Coraline 3D (image 1)

Neil Gaiman's children's novel becomes an animated stop-motion fantasy that's both creepy and seductively beautiful.

Stephanie Zacharek, Salon.com

Screened as part of NZIFF 2009

Coraline 3D 2009

Directed by Henry Selick

Translated from the dark kid-lit of Neil Gaiman into the hand-made (computer enhanced) 3-D dreamscapes of Nightmare Before Christmas’ Henry Selick, Coraline is the year’s most richly imagined Hollywood thrill ride.

USA In English
100 minutes 3D DCP

Director

Producers

Bill Mechanic
,
Claire Jennings
,
Henry Selick
,
Mary Sandell

Screenplay

Henry Selick. Based on the novel by Neil Gaiman

Photography

Pete Kozachik

Editors

Christopher Murrie
,
Ronald Sanders

Art directors

Bo Henry
,
Tom Proost
,
Phil Brotherton

Animators

Travis Knight
,
Trey Thomas
,
Eric Leighton
,
Phil Dale

Sound

Randy Thom

Music

Bruno Coulais

Voices

Dakota Fanning (Coraline Jones)
,
Teri Hatcher (Mother/Other Mother)
,
Jennifer Saunders (Miss Spink)
,
Dawn French (Miss Forcible)
,
Keith David (Cat)
,
John Hodgman (Father/Other Father)
,
Robert Bailey Jr (Wybie Lovat)
,
Ian McShane (Mr Bobinsky)

Elsewhere

Translated from the dark kid-lit of Neil Gaiman into the hand-made (computer enhanced) 3D dreamscapes of Nightmare Before Christmas filmmaker Henry Selick, Coraline is the year's most richly imagined Hollywood thrill ride. — BG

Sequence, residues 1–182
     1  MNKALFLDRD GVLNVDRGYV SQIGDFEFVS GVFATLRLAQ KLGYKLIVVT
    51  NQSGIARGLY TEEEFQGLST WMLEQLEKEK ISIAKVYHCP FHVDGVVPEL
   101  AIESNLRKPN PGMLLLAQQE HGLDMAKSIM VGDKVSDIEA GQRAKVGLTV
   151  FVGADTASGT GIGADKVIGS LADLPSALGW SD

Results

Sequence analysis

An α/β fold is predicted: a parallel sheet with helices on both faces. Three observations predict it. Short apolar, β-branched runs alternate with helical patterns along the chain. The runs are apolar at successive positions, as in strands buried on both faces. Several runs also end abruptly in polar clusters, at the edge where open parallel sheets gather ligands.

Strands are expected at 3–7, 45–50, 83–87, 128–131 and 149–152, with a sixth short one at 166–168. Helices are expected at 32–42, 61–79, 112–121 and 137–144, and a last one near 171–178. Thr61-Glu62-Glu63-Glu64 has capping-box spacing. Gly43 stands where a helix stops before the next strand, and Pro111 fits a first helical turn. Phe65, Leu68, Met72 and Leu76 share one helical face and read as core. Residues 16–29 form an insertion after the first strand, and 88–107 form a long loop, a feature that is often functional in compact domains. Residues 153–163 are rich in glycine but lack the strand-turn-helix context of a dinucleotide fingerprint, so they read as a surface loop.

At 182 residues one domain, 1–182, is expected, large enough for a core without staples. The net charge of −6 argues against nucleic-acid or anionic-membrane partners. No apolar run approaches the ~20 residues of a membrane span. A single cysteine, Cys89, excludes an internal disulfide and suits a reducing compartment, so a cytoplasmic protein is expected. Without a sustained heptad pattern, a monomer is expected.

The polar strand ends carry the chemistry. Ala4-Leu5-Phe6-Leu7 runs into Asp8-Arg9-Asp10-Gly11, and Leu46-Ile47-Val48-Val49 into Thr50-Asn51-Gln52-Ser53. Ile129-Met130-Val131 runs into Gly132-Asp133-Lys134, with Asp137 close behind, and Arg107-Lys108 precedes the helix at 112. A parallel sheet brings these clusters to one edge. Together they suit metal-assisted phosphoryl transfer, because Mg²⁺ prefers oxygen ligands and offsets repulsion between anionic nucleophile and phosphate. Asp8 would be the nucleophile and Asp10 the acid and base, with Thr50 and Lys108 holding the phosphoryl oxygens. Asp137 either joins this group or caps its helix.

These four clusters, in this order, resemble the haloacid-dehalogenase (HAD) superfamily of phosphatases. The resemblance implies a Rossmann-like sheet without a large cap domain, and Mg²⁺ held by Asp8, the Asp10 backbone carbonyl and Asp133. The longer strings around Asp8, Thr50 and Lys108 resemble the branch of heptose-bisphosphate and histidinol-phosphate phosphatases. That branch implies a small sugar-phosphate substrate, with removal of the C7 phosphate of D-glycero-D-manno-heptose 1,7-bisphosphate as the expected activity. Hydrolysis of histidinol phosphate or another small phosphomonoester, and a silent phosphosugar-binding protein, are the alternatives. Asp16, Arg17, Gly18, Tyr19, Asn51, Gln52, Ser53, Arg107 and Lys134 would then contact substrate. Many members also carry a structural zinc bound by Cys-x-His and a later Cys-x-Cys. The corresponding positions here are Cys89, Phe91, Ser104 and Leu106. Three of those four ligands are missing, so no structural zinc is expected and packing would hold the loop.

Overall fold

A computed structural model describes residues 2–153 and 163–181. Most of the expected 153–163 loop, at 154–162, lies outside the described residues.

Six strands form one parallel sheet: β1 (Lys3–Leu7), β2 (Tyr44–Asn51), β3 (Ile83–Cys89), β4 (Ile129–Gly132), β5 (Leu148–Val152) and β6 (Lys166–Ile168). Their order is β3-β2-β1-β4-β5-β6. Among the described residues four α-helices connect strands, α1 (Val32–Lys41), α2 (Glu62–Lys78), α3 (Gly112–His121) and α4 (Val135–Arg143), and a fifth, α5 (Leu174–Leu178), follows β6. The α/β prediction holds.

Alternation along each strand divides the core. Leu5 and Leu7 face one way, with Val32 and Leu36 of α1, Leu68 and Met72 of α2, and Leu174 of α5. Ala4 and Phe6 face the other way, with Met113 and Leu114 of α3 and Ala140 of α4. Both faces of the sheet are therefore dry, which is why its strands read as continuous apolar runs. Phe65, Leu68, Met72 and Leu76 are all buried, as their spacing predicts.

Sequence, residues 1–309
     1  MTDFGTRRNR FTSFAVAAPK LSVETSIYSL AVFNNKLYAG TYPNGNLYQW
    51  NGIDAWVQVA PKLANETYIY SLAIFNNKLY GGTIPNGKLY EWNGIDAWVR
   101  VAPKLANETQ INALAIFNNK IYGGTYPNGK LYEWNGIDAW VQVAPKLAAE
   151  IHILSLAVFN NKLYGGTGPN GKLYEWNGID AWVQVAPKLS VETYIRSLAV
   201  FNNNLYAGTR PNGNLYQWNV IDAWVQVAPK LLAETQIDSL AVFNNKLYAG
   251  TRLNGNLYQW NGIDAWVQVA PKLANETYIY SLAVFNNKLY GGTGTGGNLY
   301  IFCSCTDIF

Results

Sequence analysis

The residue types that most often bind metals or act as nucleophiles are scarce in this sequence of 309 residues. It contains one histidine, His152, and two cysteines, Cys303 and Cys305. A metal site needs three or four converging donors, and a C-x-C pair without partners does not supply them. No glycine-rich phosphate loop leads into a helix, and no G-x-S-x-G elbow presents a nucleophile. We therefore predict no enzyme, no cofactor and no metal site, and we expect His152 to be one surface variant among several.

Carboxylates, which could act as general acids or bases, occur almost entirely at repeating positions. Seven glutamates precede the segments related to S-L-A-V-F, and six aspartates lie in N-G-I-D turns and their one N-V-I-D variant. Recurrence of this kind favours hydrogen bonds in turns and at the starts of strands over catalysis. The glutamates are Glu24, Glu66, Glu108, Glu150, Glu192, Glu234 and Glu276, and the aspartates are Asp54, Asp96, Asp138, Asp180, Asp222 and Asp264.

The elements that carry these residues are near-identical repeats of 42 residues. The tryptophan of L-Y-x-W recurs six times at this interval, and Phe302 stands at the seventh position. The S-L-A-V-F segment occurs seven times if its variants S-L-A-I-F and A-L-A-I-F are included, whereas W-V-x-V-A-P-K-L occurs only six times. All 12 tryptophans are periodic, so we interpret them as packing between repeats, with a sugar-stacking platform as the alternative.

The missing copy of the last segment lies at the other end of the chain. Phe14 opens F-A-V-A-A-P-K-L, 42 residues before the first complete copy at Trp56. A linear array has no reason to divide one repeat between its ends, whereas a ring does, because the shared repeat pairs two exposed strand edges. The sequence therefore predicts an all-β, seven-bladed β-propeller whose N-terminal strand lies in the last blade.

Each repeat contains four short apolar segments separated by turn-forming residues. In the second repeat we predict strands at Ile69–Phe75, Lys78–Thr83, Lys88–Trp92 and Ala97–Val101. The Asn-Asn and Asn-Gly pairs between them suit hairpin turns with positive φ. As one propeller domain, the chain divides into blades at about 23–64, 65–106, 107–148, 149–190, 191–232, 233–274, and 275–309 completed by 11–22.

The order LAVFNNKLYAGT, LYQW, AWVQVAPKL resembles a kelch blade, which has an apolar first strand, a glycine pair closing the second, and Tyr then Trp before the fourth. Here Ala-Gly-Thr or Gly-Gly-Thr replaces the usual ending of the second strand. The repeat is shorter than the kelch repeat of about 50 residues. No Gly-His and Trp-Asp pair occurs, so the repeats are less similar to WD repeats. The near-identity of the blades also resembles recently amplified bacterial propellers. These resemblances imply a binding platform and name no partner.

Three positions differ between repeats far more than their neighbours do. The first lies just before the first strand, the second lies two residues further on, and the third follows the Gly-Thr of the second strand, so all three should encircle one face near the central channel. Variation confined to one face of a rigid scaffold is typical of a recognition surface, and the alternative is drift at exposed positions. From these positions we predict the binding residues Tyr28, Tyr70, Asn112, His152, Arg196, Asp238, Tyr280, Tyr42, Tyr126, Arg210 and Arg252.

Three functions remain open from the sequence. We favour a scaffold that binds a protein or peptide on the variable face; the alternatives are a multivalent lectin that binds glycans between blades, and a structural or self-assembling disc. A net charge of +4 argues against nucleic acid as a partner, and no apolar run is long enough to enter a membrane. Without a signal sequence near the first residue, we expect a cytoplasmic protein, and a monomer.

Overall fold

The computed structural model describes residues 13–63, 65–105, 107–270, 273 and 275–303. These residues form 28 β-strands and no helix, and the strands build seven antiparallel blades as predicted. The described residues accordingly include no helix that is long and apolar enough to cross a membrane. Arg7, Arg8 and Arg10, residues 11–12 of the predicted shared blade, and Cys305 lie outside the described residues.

“Coraline is a young girl who discovers in her drab new home a tunnel leading to a parallel world of brightness and profligacy, where her parents are fun-loving instead of the workaholic drudges they are in reality. But there is a catch: Coraline's ‘Other Mother’ and ‘Other Father’ have buttons instead of eyes, and insist that their daughter undergoes an equivalent transplant if she is to remain in paradise... Coraline is the latest work in a vital tradition that dates back to a time before the Brothers Grimm began collecting their bloodcurdling tales. It's a fantasy that seduces its young audience, then scares the bejesus out of them. It is, in no uncertain terms, a horror film for children.” — Ryan Gilbey, The Guardian